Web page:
Thanksgiving is such a welcome break for us during these very stressful times. And, even though our Thanksgiving celebrations may not look like they usually do, we must not underestimate the power of gratitude. In her book, Spiritual Practices for the Brain, Anne Kertz Kernion points out that gratitude has a transformative power:
Each of us gets knocked around by life now and again, so it’s helpful to remember that practicing gratitude can help us cope while also supporting our physical, mental, and spiritual health. Steeped in the power of gratitude, we can be thankful that we simply woke up this morning. This kind of gratitude transforms us, and we then live from a deep well of thanksgiving that will never run dry.
In the end, we understand that cultivating and practicing gratefulness is a very different way to live, because it flies in the face of all the messages telling us we need to have more and be more in order to be happy. When we live gratitude, we steep ourselves in the power of gratefulness that permeates every moment. This is not just a “something good happened” gratitude or “I got what I wanted” gratitude but an “I woke up again today” and “I walked into this room already grateful” attitude. It is gratitude that is indeed radical.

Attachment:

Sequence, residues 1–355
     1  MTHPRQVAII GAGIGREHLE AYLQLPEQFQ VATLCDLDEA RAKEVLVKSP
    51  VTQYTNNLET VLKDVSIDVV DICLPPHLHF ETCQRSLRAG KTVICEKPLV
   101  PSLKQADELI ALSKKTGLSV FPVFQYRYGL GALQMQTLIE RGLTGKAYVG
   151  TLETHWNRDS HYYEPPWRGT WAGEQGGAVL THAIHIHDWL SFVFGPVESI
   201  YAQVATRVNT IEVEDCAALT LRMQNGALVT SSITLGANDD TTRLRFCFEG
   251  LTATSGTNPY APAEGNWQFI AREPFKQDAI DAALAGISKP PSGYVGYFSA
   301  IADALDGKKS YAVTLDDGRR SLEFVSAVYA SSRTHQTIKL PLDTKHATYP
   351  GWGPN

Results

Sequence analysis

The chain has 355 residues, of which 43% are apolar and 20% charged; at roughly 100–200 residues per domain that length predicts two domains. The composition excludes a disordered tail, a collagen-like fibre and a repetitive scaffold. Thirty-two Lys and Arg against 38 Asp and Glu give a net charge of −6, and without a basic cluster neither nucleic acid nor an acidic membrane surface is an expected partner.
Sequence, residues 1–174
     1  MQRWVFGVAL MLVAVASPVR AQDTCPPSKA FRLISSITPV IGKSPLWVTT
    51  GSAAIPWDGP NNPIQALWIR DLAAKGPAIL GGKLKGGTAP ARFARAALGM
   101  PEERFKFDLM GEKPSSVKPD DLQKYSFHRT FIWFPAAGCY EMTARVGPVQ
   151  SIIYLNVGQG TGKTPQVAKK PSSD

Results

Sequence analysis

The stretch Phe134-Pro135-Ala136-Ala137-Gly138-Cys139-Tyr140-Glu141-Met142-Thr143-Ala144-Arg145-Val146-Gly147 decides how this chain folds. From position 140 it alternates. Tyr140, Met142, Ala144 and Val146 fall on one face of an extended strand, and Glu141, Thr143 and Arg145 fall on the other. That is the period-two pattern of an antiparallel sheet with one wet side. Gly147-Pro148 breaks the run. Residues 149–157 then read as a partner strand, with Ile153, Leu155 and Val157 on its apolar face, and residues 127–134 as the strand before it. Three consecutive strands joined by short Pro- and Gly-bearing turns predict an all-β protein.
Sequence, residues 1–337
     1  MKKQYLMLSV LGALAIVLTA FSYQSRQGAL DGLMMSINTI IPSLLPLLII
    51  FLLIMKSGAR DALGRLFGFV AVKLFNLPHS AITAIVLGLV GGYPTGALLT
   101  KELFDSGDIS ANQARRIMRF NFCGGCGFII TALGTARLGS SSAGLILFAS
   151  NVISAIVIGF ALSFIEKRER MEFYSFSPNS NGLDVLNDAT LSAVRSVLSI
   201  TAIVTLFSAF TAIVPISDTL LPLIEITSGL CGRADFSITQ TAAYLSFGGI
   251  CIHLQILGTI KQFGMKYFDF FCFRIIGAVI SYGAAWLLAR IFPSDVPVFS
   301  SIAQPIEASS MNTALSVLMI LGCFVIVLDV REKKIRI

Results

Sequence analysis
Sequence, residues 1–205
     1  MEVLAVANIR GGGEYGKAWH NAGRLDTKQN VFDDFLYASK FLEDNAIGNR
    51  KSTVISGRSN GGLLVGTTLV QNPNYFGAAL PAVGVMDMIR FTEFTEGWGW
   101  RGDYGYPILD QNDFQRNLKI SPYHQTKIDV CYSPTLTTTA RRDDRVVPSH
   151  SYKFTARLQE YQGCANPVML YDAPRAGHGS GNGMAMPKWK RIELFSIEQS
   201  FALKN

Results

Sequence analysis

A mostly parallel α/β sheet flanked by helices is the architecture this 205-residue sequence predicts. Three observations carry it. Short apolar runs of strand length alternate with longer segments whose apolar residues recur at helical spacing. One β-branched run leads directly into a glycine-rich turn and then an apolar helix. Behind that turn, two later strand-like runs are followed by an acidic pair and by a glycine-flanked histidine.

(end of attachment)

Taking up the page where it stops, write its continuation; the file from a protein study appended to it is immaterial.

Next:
As catechists, we teach a “different way to live,” and gratitude is at the heart of this radical way of life. I am grateful for all of you who dedicate your time, talent, and treasure as catechists to invite people—young, old, and in-between—to practice this different way of living that transforms our hearts and minds and brings us closer to the heart and mind of Christ!
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